Sermon: Sixth Sunday of Easter

May 10, 2015

You may have heard that blood is thicker than water. Scientifically that may be accurate, but that doesn’t make it true. Though we celebrate our blood relatives —today, especially, our mothers—the blood ties we share with them are nowhere near as strong as the bond Christians share through the waters of baptism.

In baptism we are made members of the family of God, and those family ties connect us across time and geography to all of God’s people in every land and every generation. It is a bond so tight that it impacts everything we do and everything we are. Because we are connected to God by water and the Holy Spirit we are empowered to love not only the people we are related to or like, but also those we do not like and those who are not biologically related to us.

That may be especially good news for people today who feel uncomfortable about Mother’s Day because you are estranged from your biological family, or have a difficult relationship with your mother or your children. Or have had trouble conceiving. Or have lost children or parents. Sometimes a holiday like this one can make your grief more sharp. That’s why I want to say aloud that the family that is yours through the waters of baptism is yours forever. Nothing can separate you from the unbreakable connection you have to God and God’s family. Nothing you do or leave undone can sever these family ties. In all the ways that count, water is thicker than blood.

That’s what Peter comes to understand in today’s reading from Acts. Despite his upbringing as a good Jew and his cultural understanding of who he could and should love, Peter is called upon to baptism a group of Romans. Which is to say detested Gentiles, people he would never have dreamed he would socialize, much less call “brother” or “sister.” But here they are, asking to be baptized into God’s family. Peter realizes that he cannot control the Holy Spirit. She blows where she will, and She includes in her sphere of influence and affection even those Peter could never have imagined God choosing to love. In a question that reminds us of the Ethiopian eunuch’s question last week, Peter asks, “What is to prevent them from being baptized?” And the answer is Nothing. Nothing prevents Romans or Ethiopians or you or me or anyone else from being part of God’s family tree. Our family tree.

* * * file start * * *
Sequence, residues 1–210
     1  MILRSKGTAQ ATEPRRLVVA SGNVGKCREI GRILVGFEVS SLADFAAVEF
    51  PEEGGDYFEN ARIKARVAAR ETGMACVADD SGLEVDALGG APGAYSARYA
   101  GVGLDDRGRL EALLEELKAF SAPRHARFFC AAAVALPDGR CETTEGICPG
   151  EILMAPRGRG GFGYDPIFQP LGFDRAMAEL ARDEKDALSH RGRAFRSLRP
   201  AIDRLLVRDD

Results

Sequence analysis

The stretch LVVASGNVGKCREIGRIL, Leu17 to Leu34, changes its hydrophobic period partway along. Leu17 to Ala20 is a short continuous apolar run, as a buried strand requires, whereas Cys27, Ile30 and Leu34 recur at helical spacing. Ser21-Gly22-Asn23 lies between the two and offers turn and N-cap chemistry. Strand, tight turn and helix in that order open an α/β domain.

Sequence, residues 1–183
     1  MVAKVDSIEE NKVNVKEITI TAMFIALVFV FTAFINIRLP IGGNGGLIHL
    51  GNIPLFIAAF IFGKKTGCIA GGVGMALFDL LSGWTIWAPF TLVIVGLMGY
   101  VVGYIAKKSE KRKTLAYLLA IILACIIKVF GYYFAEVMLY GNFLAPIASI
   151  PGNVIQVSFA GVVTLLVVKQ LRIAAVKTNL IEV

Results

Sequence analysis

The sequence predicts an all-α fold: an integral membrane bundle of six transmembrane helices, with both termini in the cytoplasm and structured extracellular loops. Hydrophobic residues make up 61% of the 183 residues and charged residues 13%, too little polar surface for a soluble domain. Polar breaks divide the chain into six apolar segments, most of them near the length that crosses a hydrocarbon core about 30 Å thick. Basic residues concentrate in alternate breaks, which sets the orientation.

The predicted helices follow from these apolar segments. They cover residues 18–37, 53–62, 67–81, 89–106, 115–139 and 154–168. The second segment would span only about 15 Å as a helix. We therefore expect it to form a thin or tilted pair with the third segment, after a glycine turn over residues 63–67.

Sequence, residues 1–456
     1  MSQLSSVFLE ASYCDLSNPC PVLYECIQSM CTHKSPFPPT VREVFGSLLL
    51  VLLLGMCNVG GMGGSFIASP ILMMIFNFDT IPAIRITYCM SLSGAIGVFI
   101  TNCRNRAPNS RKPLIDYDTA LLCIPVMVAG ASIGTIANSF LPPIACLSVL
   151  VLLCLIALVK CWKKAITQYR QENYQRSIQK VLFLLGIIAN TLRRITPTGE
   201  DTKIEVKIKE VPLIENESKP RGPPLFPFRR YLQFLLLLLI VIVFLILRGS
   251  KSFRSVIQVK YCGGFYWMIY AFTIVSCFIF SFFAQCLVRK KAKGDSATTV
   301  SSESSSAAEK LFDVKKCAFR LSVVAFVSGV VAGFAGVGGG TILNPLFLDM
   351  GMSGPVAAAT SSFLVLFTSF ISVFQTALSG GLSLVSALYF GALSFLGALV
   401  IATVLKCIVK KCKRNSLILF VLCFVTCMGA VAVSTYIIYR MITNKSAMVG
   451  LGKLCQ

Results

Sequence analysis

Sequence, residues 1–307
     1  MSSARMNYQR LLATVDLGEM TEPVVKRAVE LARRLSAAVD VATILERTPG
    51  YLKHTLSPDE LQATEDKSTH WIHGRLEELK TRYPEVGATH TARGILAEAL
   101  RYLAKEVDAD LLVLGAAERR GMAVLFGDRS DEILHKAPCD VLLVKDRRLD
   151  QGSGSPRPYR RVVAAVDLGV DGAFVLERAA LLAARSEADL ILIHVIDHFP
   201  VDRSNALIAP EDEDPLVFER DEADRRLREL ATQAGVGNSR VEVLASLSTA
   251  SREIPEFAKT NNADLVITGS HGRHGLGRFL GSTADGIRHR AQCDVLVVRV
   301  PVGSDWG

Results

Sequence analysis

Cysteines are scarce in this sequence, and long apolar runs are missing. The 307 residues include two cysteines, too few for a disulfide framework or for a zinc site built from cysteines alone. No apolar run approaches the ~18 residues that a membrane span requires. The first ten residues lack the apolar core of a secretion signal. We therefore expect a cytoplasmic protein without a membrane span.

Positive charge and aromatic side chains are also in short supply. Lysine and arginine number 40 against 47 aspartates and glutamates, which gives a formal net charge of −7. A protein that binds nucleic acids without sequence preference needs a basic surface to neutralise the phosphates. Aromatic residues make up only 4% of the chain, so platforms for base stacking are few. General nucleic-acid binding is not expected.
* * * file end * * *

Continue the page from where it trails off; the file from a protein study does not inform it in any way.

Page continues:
And because we have no need to worry about ever being apart from God’s family, we don’t need to focus on behaving well enough to be “saved” in the fundamentalist sense of the word. We are already saved. In those unquenchable baptismal waters, we already belong to God forever, so we are free to live authentically and genuinely, trusting that no matter what else life throws at us, we can cling to our heritage as members of God’s family.

So if we don’t need to do anything or refrain from doing anything to be saved, how does that square with what Jesus is saying in the Gospel of John today? He tells his disciples, “This is my commandment, that you love one another as I have loved you. If you keep my commandments, you will abide in my love, just as I have kept my Father’s commandments and abide in his love.” Doesn’t that suggest that if we don’t keep the commandments we don’t abide in God’s love? Does that mean that being part of the family is not a permanent arrangement?